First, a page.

We have to wait for the actual rules, but it looks like the government may allow foreign education players to repatriate a portion of their income in India instead of requiring them to plough back all their earnings into their Indian operations. This would remove a key restriction that academics and experts have flagged for years as a disincentive to foreign investment in education.

The outcome of all this could be more global investment into existing Indian institutions, plus more foreign education institutions opening up in India.

This would be change on a radical scale. It’s needed – India’s education sector is struggling at all levels.

Finance Minister Nirmala Sitharaman (pictured above) said in her budget speech: “It is felt that our education system needs greater inflow of finance to attract talented teachers, innovate and build better labs”.

Please note – though FDI in education through the automatic route is already allowed, it has largely remained confined to the unregulated education technology space.

Expect innovation. Many European campuses are looking at opening special centres within Indian partner universities, rather than going it alone.

Plus greater global collaboration in delivering degrees could be a great outcome – so the student experiences both the Indian and the overseas providers.

So – here is what we are waiting for – the Centre needs to frame rules to ease both fund flow to India and institutional collaboration and how a foreign educational player investing in India will be allowed to take back money that they make in India.

Watch this space…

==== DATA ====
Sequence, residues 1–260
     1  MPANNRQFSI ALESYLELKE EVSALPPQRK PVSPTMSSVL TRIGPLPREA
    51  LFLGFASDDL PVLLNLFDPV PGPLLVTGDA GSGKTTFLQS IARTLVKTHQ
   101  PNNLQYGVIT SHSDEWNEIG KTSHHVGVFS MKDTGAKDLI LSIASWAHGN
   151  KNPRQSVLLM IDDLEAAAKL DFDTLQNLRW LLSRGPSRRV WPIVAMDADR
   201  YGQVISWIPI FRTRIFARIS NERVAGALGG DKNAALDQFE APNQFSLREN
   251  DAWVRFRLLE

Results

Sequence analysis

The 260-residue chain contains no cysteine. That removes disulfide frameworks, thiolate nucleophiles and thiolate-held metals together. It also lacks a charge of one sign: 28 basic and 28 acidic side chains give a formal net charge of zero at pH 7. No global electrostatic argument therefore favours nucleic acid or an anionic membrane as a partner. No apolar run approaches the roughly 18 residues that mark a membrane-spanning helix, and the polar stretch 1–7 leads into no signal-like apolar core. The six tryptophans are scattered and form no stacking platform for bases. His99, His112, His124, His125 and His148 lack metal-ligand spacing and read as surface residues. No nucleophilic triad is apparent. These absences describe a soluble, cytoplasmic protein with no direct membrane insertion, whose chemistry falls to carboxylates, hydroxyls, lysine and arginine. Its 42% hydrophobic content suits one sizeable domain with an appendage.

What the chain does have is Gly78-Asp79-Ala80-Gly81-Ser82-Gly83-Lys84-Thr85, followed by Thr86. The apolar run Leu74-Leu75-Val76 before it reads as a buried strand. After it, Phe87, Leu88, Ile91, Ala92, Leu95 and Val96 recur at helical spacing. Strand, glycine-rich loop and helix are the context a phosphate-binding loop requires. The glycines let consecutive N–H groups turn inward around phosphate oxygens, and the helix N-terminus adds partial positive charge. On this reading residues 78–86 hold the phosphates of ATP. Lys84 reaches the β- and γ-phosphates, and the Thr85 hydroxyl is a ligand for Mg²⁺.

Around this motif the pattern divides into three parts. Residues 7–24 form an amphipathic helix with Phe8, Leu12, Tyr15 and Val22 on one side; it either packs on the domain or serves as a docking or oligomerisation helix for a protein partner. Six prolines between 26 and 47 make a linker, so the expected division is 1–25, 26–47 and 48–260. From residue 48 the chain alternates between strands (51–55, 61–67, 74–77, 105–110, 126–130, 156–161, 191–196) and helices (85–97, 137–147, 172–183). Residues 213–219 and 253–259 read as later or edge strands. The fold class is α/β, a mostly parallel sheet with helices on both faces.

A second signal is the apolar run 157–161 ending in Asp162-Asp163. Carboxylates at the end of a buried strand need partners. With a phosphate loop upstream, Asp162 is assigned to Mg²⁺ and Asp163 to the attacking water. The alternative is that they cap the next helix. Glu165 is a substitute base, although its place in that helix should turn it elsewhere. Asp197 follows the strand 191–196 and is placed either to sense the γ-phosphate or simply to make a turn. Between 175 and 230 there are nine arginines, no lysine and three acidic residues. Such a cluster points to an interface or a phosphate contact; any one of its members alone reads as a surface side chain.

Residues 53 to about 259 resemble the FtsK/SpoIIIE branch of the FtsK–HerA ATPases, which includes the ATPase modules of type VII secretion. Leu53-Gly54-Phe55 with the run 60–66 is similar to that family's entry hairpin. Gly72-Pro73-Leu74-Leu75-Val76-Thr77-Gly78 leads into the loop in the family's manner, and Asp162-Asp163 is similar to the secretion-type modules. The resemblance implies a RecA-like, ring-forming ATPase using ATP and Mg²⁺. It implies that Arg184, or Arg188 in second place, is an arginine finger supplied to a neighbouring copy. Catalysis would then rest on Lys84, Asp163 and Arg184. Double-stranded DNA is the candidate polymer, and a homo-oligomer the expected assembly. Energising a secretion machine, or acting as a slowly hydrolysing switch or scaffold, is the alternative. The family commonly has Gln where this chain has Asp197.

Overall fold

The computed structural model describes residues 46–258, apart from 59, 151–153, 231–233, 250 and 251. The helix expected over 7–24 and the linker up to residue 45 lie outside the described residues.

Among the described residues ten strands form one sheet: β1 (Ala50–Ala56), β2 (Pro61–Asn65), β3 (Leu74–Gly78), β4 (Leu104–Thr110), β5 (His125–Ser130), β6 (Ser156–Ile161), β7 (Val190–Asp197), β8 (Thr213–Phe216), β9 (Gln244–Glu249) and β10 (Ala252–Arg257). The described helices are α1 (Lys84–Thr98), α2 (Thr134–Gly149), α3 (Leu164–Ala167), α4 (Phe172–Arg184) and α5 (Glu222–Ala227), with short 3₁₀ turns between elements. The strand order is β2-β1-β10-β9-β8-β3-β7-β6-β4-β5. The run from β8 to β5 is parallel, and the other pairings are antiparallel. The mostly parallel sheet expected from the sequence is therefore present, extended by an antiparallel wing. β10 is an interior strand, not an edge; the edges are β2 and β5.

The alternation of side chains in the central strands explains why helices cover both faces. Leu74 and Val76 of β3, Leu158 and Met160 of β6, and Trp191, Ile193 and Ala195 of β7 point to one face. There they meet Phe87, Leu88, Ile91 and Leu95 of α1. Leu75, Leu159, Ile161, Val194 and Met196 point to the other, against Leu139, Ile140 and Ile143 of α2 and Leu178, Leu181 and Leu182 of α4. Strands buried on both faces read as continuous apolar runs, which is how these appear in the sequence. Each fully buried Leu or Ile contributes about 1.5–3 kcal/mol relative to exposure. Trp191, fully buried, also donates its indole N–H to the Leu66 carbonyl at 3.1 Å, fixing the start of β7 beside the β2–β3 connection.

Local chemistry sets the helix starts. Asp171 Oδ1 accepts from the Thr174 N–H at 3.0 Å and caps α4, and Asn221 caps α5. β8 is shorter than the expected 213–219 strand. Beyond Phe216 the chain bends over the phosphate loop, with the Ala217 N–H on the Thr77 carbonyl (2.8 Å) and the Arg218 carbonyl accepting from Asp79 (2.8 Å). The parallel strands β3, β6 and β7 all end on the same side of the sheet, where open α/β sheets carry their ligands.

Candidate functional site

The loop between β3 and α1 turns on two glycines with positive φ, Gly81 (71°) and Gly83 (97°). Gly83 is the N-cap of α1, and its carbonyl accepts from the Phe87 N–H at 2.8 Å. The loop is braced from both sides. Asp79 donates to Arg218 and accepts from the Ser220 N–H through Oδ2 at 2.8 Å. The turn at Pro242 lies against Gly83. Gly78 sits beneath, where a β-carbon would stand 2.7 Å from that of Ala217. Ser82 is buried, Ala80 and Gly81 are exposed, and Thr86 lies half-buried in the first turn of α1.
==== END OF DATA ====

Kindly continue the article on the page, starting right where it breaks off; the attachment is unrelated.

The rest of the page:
Melbourne seminar on India has best expert panel

BDO has assembled Melbourne’s best India panel to speak on Tuesday 3 March – book now – free event. Email

They have a great line-up of speakers:
Michelle Wade, Victorian Trade Commissioner for India, Bengaluru
Susan Coles, Deputy State Director, Victoria, Department of Foreign Affairs and Trade
Bill Cole, Partner International, BDO
Sandeep Khurana, Director, EastWest Advisers
Michael Moignard, Director, EastWest Advisers

I am proud to be the MC of this one.

Venue: BDO, 727 Collins Street Melbourne
Date: Tuesday 3 March 2020
Time: 12 noon start (lunch will be provided)

Pictured below: Bill Cole, Partner International, BDO


7 strategies for India market entry 2020

  1. Find the affluent millennials

India is home to the world’s largest population of millennials—typically defined as those aged 18-35. At 450 million, these millennials are influencing the way Indians eat, shop, commute and buy, much like their global counterparts. They are the first upwardly mobile group in recent history of India – and will have an impact very like the way western baby boomers changed most things.


According to Santosh Desai, managing director of Indian Brand Advisory Group Futurebrands, Indians used to be “born something” but now can “become something”.

  1. Drill down to the real middle-class market